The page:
Primary Outcomes (explanation)
Our measure of 'discrimination' will be constructed using effort choices of workers when working for the Black employer versus effort choice when working for the White employer.
Secondary Outcomes
Secondary Outcomes (end points)
Beliefs on demographics of the racial groups Black and White.
Secondary Outcomes (explanation)
Experimental Design
Experimental Design
In this experiment, each worker will be randomly assigned to one of the following ten treatments and will then work on a simple button pressing task, alternating `a' and `b' button presses on the keyboard, to score `points'. Workers' payment scheme and the matched employers will vary depending on the assigned treatment. Here is a list of treatments.
1. Piece Rate – 0 cents: A worker’s payment will be unaffected by the number of points he/she scores in the task. No matched employer.
2. Piece Rate – 3 cents: A worker will be paid 3 cents for every 100 points he/she scores in the task. No matched employer
3. Piece Rate – 6 cents: A worker will be paid 6 cents for every 100 points he/she scores in the task. No matched employer
4. Piece Rate – 9 cents: A worker will be paid 9 cents for every 100 points he/she scores in the task. No matched employer
5. Altruism Baseline: A worker’s payment will be unaffected by the number of points he/she scores in the task. Worker’s matched employer will be paid 1 cent for every 100 points scored by the worker. The employer identity will be hidden.
6. Altruism Black: Earning rule will be the same as in the Altruism Baseline for both the worker and the employer. The employer’s forearm and hand will reveal dark/white skin color in the video. The employer will be Black.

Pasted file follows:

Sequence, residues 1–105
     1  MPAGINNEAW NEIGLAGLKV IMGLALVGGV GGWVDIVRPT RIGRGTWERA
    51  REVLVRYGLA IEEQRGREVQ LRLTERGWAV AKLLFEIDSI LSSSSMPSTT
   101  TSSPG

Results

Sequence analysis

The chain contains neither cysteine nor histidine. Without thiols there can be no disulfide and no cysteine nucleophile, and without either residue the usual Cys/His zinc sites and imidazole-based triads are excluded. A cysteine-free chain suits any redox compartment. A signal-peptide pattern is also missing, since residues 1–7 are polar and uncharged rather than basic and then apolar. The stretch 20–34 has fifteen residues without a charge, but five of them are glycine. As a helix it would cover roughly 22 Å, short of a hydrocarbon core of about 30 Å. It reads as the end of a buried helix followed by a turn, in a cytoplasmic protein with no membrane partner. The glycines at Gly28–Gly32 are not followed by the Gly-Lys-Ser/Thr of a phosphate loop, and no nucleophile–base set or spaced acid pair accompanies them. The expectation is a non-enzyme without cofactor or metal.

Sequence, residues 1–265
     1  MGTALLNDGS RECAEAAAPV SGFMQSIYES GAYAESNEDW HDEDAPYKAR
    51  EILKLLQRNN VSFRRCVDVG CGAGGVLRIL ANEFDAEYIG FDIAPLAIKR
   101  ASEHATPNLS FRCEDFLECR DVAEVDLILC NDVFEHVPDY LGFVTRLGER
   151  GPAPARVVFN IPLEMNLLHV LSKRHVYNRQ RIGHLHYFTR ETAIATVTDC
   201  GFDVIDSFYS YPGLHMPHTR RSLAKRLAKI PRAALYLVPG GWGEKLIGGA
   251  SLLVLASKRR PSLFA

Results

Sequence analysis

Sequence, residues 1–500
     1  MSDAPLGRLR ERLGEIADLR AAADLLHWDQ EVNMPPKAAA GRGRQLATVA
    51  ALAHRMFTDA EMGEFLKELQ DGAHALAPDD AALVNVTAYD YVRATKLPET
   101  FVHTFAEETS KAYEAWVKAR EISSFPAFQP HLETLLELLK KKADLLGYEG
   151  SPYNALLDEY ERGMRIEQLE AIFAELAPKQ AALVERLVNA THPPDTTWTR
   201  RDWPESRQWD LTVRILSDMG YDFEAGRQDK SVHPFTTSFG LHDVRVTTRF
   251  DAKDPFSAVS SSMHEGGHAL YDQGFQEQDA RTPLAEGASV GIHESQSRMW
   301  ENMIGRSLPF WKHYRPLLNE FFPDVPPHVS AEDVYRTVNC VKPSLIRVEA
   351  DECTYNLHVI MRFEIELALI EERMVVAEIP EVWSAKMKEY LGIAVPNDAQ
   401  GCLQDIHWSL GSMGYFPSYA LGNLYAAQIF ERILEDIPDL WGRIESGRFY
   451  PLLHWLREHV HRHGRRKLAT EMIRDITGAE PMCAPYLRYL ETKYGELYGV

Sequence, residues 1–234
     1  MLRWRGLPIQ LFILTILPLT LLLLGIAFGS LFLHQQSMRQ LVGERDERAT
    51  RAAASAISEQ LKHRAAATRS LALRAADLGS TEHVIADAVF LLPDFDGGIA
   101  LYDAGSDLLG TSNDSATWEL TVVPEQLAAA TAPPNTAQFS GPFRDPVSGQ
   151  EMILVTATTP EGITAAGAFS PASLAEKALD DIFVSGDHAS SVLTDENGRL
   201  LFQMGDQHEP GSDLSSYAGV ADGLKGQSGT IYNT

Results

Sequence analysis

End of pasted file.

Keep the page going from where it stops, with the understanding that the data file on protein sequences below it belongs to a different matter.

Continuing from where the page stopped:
7. Altruism White: Earning rule will be the same as in the Altruism Baseline for both the worker and the employer. The employer’s forearm and hand will reveal dark/white skin color in the video. The employer will be White.
8. Reciprocity Baseline: A worker’s payment is unaffected by the number of points he scores in the task. The worker will be paid 20 cents extra as a reward before the task begins. Worker’s matched employer will be paid 1 cent for every 100 points scored by the worker. The employer identity will be hidden.
9. Reciprocity Black: Earning rule will be the same as in the Reciprocity Baseline for both the worker and the employer. The employer will be Black.
10. Reciprocity White: Earning rule will be the same as in the Reciprocity Baseline for both the worker and the employer. The employer will be White.